Group care doesn't lead to behavior problems, say new study
Kids who've spent a lot of time in child care tend to act up years later, studies have shown. But newer research concludes that's not so: Time in child care doesn't correlate with behavior problems later, according to a newly published meta-analysis of studies on children in Europe, Canada and the U.S., reports Hechinger's Jackie Mader.
Overall, the research is mixed, writes Mader. That may reflect the quality of care programs.
A 2019 report on Quebec’s universal preschool program, for example, found children who were placed in participating child care programs had higher rates of aggression and illness, as reported by parents, than their peers living elsewhere in Canada. Those negative effects also persisted into adulthood. . . . Similarly, a 2007 study of children in the United States found more time in center-based care was linked to teacher-reported problem behavior later in elementary school.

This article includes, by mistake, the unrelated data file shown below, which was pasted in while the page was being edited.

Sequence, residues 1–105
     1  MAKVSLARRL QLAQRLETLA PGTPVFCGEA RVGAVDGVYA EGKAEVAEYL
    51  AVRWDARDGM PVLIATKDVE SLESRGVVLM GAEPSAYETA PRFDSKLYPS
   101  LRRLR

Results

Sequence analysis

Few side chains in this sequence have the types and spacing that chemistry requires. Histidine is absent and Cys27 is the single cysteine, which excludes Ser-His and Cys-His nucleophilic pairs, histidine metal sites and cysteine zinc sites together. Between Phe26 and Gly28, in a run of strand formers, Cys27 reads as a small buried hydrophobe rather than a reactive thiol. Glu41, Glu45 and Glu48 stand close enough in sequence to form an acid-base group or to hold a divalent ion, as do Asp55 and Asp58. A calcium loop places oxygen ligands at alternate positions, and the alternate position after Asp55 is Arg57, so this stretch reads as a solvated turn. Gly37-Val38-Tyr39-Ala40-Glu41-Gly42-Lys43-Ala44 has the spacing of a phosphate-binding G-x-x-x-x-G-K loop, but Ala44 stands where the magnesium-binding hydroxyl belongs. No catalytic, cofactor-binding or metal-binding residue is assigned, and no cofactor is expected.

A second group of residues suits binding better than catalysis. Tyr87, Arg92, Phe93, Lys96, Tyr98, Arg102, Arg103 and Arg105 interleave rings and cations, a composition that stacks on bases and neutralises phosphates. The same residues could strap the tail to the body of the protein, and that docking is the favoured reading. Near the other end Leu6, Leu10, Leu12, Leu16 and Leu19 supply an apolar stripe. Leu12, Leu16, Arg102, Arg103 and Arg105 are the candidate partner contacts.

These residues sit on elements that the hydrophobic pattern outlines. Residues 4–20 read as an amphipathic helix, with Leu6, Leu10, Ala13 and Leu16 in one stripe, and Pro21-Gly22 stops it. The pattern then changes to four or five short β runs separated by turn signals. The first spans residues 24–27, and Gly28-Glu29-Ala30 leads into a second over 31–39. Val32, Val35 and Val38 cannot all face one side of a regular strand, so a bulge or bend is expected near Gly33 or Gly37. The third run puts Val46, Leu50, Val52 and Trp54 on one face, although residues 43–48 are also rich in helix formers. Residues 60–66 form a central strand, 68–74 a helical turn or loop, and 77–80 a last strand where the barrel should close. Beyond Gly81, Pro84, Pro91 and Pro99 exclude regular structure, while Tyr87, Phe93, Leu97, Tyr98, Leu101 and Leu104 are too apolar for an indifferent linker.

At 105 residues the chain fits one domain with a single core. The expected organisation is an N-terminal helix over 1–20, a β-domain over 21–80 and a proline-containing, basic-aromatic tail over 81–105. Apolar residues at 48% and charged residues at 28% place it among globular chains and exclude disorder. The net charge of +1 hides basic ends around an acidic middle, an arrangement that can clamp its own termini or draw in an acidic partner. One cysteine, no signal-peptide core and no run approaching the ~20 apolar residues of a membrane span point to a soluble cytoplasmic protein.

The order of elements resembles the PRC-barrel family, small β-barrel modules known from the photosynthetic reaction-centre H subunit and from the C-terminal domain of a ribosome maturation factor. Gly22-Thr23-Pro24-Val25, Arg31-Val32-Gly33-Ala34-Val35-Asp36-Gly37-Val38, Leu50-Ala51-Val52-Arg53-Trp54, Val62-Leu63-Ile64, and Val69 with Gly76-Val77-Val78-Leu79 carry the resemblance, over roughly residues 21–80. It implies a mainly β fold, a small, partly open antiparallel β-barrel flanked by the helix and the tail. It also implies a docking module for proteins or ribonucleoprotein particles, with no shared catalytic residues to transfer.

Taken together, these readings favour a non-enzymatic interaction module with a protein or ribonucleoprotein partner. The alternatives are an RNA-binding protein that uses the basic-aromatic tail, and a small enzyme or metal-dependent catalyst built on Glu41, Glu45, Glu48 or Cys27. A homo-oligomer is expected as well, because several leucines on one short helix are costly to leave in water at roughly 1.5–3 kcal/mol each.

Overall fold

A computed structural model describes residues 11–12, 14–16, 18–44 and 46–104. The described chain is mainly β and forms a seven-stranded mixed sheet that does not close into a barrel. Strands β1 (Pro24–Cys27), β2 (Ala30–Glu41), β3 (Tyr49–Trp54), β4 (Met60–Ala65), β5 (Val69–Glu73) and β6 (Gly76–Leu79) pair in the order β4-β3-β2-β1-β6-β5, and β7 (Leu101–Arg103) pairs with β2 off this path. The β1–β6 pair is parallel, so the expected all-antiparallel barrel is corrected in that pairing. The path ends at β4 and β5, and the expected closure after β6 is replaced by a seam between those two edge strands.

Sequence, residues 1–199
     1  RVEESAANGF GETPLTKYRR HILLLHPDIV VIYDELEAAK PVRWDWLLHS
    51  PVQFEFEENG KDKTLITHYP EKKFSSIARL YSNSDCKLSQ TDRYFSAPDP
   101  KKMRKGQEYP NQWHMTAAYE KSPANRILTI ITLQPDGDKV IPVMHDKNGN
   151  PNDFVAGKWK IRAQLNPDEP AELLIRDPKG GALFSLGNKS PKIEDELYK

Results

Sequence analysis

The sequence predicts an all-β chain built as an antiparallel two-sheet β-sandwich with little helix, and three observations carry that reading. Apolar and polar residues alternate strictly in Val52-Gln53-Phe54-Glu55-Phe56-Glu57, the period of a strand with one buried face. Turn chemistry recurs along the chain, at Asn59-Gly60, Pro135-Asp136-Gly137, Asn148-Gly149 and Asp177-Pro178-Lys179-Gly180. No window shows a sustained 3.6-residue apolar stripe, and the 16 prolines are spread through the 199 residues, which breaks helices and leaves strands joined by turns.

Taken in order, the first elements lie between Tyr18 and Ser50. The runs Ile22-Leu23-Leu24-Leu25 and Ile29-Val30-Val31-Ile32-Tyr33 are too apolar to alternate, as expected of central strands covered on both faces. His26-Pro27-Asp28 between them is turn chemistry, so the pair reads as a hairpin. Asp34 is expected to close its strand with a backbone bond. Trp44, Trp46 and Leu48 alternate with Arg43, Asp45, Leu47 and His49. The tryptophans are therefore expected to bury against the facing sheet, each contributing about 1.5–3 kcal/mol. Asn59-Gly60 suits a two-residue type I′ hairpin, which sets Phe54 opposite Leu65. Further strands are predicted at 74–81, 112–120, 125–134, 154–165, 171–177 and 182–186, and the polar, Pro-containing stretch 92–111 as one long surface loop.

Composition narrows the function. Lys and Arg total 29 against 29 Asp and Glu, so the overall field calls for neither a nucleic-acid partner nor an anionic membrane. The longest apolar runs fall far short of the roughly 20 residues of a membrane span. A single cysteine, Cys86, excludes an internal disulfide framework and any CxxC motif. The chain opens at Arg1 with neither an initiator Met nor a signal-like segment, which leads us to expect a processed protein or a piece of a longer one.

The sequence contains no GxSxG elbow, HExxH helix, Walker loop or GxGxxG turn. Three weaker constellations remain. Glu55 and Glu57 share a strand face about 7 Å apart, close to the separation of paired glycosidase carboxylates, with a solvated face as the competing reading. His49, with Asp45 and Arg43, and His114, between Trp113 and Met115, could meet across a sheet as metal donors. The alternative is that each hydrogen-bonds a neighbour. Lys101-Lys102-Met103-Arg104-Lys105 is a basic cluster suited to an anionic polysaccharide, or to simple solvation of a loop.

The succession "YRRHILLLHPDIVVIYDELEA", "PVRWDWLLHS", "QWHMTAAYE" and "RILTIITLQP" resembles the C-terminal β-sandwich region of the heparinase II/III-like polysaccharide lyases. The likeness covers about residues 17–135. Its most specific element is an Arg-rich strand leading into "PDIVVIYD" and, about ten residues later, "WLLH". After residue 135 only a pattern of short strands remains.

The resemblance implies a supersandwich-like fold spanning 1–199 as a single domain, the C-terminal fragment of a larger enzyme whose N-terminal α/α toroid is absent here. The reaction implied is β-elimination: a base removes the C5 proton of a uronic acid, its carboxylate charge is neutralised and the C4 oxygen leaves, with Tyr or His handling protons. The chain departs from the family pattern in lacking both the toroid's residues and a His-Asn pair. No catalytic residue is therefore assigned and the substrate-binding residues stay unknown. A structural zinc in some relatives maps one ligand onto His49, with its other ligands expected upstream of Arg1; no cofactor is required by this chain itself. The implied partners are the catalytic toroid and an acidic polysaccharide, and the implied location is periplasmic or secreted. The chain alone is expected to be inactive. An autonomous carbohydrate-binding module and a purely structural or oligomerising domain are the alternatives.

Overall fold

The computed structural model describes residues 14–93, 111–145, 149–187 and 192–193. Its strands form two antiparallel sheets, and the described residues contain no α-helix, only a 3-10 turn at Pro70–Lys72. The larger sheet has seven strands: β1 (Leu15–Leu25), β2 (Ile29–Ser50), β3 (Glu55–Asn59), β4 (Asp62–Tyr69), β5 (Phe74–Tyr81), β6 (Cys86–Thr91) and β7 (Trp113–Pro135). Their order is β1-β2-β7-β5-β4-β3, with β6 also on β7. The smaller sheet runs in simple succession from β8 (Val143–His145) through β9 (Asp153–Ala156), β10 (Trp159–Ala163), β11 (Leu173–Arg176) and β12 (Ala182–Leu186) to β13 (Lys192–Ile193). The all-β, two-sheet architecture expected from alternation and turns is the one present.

However, other studies have found no relation between child care enrollment and problem behavior or even the opposite effect, with children cared for primarily by their mothers — especially in high-risk families — showing more physical aggression than those attending group care.
The new report, which finds "no link between time in child care and poor behavior," doesn't look at the quality of care, writes Mader. However, it looks only at short-term effects.